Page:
We review for abuse of discretion a district court's order dismissing a claim for failure to prosecute. United States ex rel. Drake v. Norden Sys., Inc., 375 F.3d 248, 254 (2d Cir.2004). A district court exceeds the bounds of its discretion if its decision is based on an error of law or a clearly erroneous finding of fact. Wynder v. McMahon, 360 F.3d 73, 76 (2d Cir.2004). Plaintiffs raise two arguments on appeal. First, they argue that the district court improperly dismissed their complaints without providing them adequate time or notice to comply with the court's prior orders and without a claim by defendants asserting they were prejudiced by plaintiffs' failure to comply. Second, plaintiffs argue that the court erred as a matter of law by finding that the certification employed by plaintiffs was not in substantial compliance with the certification provided in 28 U.S.C. § 1746. We address these arguments in turn.
In reviewing a district court's dismissal for failure to prosecute, we consider “whether: (1) the plaintiff's failure to prosecute caused a delay of significant duration; (2) plaintiff was given notice that further delay would result in dismissal; (3) defendant was likely to be prejudiced by further delay; (4) the need to alleviate court calendar congestion was carefully balanced against plaintiff's right to an opportunity for a day in court; and (5) the trial court adequately assessed the efficacy of lesser sanctions.” Drake, 375 F.3d at 254. No single factor is dispositive. Id.
An assessment of these factors as applied to the record before us leads us to conclude that the district court acted well within its discretion in dismissing certain plaintiffs' complaints for failure to comply with repeated court orders despite numerous extensions of time to do so. At the August 2, 2011 status conference, at which the court set a rough schedule for discovery and other pretrial issues, plaintiffs made no mention of an inability to compile and submit interrogatory answers by the set deadline. Following this conference, plaintiffs were given clear and repeated notice that timely submission of answers to the court-ordered interrogatories was integral to the swift progression of these cases. The district court's August 29, 2011 order, which set forth the initial discovery schedule, impressed upon plaintiffs the consequences of a failure to submit timely interrogatory answers:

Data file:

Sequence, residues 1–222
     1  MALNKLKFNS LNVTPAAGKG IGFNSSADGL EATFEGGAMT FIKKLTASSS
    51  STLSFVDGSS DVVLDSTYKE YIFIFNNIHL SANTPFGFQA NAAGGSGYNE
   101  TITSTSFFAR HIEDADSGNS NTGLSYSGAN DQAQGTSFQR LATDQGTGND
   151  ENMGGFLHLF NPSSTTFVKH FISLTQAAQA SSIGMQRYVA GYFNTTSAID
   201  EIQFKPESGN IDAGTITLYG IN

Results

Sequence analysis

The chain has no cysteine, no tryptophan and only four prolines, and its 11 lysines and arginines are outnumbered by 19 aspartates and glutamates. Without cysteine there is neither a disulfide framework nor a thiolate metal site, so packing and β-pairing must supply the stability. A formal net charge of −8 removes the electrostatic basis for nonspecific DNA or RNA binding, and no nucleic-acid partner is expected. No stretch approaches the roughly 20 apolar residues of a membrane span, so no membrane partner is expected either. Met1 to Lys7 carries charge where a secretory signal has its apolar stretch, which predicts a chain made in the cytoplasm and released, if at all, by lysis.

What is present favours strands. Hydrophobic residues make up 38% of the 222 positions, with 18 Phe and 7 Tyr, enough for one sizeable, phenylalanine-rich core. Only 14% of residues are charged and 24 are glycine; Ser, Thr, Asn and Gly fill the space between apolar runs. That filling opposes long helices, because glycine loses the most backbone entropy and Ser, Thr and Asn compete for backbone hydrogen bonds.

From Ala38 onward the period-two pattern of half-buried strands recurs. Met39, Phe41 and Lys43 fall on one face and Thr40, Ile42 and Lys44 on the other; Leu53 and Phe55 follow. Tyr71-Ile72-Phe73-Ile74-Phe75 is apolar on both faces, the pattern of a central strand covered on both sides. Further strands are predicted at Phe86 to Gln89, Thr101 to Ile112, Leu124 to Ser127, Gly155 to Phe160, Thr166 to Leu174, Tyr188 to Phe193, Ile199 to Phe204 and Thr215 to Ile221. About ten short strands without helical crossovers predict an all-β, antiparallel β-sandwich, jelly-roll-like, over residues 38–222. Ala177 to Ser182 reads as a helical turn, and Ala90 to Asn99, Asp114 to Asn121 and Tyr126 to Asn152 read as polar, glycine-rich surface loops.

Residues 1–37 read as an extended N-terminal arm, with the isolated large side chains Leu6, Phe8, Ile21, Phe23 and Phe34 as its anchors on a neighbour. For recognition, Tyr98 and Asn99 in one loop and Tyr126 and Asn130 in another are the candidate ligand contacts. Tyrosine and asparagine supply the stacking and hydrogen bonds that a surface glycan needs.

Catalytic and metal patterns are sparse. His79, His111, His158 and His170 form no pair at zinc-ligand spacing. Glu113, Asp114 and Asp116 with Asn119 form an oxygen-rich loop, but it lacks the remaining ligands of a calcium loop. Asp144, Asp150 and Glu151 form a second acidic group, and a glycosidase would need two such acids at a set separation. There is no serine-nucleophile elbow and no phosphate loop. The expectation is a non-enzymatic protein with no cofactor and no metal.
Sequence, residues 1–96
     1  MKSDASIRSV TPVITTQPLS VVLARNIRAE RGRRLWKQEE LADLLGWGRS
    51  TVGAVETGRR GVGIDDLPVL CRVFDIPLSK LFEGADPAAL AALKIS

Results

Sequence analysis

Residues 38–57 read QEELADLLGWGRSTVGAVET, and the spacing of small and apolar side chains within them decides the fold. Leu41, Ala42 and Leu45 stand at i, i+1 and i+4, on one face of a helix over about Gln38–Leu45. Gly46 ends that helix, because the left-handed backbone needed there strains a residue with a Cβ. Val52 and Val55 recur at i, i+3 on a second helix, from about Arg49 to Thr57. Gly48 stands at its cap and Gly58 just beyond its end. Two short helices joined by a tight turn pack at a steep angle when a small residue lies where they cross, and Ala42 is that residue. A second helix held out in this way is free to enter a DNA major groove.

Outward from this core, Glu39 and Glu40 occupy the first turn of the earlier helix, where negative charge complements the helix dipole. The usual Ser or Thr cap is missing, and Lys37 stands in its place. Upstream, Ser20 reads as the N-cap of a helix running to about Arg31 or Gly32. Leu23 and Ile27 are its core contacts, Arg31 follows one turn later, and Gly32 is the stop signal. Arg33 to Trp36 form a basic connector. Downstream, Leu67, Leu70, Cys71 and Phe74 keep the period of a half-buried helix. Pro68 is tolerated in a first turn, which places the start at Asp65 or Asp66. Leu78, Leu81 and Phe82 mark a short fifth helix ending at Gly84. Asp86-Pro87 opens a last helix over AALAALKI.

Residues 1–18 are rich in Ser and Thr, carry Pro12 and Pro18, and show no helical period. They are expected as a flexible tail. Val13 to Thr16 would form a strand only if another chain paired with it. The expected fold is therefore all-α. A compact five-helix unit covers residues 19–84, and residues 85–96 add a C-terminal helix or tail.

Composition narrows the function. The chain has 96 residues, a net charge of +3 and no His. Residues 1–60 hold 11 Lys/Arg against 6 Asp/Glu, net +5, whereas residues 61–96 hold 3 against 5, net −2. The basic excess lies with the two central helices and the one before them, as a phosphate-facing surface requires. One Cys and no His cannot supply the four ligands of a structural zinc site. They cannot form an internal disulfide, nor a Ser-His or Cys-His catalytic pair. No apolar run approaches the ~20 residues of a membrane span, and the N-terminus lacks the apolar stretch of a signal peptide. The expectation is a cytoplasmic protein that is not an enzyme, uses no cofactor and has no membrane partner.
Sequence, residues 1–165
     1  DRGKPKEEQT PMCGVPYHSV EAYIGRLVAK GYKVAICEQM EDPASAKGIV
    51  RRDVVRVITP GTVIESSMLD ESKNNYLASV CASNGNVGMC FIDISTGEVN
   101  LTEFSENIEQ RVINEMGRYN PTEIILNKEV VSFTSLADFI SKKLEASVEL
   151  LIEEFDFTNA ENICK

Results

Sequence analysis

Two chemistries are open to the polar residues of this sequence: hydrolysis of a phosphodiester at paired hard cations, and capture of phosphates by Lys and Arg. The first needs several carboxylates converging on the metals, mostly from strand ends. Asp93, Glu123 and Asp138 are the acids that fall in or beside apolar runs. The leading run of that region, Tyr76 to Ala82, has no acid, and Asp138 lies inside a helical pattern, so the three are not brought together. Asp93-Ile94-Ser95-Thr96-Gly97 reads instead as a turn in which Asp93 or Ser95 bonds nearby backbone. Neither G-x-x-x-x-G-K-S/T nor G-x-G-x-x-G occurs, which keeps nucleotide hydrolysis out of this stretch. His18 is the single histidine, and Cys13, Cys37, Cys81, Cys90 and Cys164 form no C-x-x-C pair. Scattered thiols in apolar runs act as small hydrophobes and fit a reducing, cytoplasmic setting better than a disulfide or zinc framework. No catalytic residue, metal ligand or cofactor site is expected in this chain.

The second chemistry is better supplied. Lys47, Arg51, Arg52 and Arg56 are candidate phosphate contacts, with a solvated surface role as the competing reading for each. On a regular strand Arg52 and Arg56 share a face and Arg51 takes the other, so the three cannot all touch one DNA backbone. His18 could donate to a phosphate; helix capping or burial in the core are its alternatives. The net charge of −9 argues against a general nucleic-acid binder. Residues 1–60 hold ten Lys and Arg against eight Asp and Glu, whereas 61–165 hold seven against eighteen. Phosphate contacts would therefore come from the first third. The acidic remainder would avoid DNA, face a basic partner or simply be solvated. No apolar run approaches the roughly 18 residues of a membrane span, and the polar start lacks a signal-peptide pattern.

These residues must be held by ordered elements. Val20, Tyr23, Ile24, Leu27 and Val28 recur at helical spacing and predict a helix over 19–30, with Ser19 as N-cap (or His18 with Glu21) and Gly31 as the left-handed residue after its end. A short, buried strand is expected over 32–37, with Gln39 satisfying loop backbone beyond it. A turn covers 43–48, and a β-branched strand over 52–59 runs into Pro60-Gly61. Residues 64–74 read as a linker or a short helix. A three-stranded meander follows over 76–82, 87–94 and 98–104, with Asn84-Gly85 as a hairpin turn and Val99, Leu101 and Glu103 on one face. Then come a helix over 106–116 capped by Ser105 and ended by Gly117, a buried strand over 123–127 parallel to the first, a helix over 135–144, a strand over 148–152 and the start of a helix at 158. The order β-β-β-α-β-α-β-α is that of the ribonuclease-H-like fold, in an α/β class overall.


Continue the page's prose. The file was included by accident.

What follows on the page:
All Plaintiffs and Defendants are required to complete the questionnaires in a timely fashion. Any Plaintiff who fails to fill out his or her questionnaire in a time period that enables the other aspects of this discovery program to proceed shall be liable to be dismissed for failure to prosecute their cases.
Order Amending Summary Order—August 2, 2011 Conference, August 29, 2011, Dist. Ct. Doc. No. 4080, at 1–2. This language clearly indicates not only the court's expectation that submissions be timely but also the reason that timely compliance with discovery orders was important in this complex litigation—because other aspects of the discovery program depended on the assembly of a comprehensive database of sworn interrogatory answers.
Notwithstanding the expressed need for timely submission of plaintiffs' answers, the court thrice extended the deadline for submission of properly certified answers. Importantly, two of these extensions were granted notwithstanding that plaintiffs' request for additional time was made after the previously set deadline to submit compliant answers had passed. Even after the order granting a third extension, in which the court warned that “[n]o further enlargements [of time] will be granted,” Liaison Counsel for plaintiffs moved for another enlargement of time to permit 170 plaintiffs to submit compliant answers. Having provided the notice that plaintiffs were receiving their final extension—a notice we deem sufficient under the circumstances—the district court did not err in denying plaintiffs' request for a fourth extension.
Moreover, in complex cases such as these, we afford district courts particular deference in reviewing a discretionary determination undertaken to manage the litigation before the court. It is well established that district courts possess the “inherent power” and responsibility to manage their dockets “so as to achieve the orderly and expeditious disposition of cases.” Link v. Wabash R.R. Co., 370 U.S. 626, 630–31 (1962). Such authority is particularly acute where the litigation is “complex and continuing.” In re Joint Eastern & Southern District Asbestos Litig., 982 F.2d 721, 733 (2d Cir.1992). The district court was tasked with managing litigation of a substantial age involving claims brought by approximately 1500 plaintiffs. We have no trouble, therefore, concluding that the court did not exceed the bounds of its discretion in dismissing the noncompliant plaintiffs' complaints.